Although I have included the full article on this below this is the link to the article which you need to follow to find the full research study if you want to take it to your doctor to educate him:

Now my question is why on earth has the FDA not pulled these drugs from the market in light of this study? I ask that because before this study the worst I had seen in producing brain damage were the diet pills Fen-Phen and Redux which were pulled from the market due to the brain damage they produced … even though the media convinced the world those drugs were pulled because of the heart and lung damage. It was the brain damage the FDA was concerned about and had required studies from the maker to prove its safety. Something they had not yet done before Dr. Una Mc Cann at NIH put out a study showing the most horrific brain damage. Those drugs were pulled only days later.

Neurontin and Lyrica are a Death Sentence for New Brain Synapses

Neurontin and its newer more potent version, Lyrica, are widely used for off-label indications that are an outright flagrant danger to the public. These blockbuster drugs were approved for use even though the FDA had no idea what they actually did in the brain. A shocking new study shows that they block the formation of new brain synapses1, drastically reducing the potential for rejuvenating brain plasticity – meaning that these drugs will cause brain decline faster than any substance known to mankind.

The problem of these drugs is compounded by their flagrant illegal marketing. Neurontin was approved by the FDA for epilepsy back in 1994. The drug underwent massive illegal off-label promotion that cost Warner-Lambert 430 million dollars (the very first big fine for off-label promotion). The drug is now owned by Pfizer. Pfizer also owns Lyrica, a super-potent version of Neurontin. It has been approved by the FDA for various types of pain and fibromyalgia. Lyrica is one of four drugs which a subsidiary of Pfizer illegally marketed, resulting in a $2.3 billion settlement against Pfizer.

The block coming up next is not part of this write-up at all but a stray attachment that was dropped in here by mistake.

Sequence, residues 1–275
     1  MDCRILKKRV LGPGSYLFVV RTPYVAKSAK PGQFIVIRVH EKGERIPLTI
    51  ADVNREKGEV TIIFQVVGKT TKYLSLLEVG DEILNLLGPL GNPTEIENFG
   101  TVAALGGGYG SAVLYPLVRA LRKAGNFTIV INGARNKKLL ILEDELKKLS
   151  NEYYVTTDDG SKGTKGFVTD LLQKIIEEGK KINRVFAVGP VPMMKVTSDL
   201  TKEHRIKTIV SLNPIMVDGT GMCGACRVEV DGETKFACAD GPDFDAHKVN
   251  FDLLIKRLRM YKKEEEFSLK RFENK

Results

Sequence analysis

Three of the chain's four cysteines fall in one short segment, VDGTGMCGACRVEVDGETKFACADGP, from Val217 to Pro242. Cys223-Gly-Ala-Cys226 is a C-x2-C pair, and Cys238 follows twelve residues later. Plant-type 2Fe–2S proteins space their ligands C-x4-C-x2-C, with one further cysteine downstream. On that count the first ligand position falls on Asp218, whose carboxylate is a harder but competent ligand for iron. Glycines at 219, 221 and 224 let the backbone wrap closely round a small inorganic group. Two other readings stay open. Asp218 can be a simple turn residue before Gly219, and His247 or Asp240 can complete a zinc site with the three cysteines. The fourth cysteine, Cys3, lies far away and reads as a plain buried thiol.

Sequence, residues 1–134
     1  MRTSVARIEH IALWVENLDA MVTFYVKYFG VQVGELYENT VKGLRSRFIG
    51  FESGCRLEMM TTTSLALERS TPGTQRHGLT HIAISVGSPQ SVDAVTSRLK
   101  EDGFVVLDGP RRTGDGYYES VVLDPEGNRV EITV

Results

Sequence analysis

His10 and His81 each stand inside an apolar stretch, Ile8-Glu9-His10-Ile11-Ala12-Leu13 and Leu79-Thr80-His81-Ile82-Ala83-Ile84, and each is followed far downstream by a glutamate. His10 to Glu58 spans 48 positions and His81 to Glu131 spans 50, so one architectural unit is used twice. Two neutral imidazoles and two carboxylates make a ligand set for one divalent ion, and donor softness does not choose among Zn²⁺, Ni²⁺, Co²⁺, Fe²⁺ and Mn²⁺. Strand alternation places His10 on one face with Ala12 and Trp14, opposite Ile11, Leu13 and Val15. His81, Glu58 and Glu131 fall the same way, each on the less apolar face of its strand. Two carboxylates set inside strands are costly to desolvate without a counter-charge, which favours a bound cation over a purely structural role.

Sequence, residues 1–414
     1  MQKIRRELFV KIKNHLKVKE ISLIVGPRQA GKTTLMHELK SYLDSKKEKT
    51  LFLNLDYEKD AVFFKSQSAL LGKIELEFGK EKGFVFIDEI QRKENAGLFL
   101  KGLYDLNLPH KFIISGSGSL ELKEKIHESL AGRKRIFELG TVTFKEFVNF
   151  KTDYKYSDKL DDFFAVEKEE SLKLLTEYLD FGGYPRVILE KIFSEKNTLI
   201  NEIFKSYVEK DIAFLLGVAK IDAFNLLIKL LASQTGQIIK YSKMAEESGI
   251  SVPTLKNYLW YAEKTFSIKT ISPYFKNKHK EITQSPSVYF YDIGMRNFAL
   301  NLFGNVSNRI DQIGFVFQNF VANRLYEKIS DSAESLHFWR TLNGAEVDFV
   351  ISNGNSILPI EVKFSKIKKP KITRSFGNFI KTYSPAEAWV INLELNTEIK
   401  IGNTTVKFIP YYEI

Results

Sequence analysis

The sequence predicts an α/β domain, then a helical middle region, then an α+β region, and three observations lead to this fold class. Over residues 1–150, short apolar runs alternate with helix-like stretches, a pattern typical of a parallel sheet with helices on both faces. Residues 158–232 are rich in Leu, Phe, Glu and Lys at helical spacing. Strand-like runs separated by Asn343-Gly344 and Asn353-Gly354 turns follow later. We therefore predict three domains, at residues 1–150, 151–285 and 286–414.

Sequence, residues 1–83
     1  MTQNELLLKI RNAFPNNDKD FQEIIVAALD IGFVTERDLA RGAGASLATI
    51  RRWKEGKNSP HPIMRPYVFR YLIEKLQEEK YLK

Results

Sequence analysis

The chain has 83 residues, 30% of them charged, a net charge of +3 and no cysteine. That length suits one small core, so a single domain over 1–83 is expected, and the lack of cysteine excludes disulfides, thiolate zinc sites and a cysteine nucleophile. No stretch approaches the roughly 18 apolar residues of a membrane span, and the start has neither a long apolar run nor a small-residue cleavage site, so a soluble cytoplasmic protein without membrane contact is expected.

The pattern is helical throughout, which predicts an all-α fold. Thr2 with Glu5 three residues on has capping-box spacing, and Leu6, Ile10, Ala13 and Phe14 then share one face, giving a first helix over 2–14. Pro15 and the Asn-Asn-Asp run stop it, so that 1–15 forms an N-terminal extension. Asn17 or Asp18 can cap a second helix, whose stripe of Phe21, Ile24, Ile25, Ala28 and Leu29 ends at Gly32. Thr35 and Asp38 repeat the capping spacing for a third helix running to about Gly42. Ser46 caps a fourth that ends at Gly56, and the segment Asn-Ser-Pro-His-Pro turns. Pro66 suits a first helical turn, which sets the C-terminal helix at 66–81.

Even though the marketing of these drugs has been heavily fined, they continue to rack up billions in sales from the off-label uses. Doctors use them for all manner of nerve issues because they are good at suppressing symptoms. However, such uses can no longer be justified because the actual mechanism of the drugs is finally understood and they are creating a significant long-term reduction in nerve health.

The researchers in the above study try to downplay the serious nature of the drugs by saying “adult neurons don’t form many new synapses.” That is simply not true. The new science is showing that brain health during aging relies on the formation of new synapses. Even these researchers managed to question the common use of these medications in pregnant women. How is a fetus supposed to make new nerve cells when the mother is taking a drug that blocks them?

These are the kind of situations the FDA should be all over. As usual, the FDA is sitting around pondering a suicide warning for Lyrica while its off-label uses include bi-polar disorder and migraine headaches. The FDA is likely to twiddle its thumbs for the next decade on the brain damage issue. Consumer beware.

Referenced Studies
^ Neurontin and Lyrica are Highly Toxic to New Brain Synapses Cell Çagla Eroglu, Nicola J. Allen, Michael W. Susman, Nancy A. O’Rourke, Chan Young Park, Engin Özkan, Chandrani Chakraborty, Sara B. Mulinyawe, Douglas S. Annis, Andrew D. Huberman, Eric M. Green, Jack Lawler, Ricardo Dolmetsch, K. Christopher Garcia, Stephen

Via- Drugawareness

via Neurontin and Lyrica are a Death Sentence for New Brain Synapses : Shocking Study – Your Health Guide

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[Abstract] Post-Injury Administration of Galantamine Reduces Traumatic Brain Injury Pathology and Improves Outcome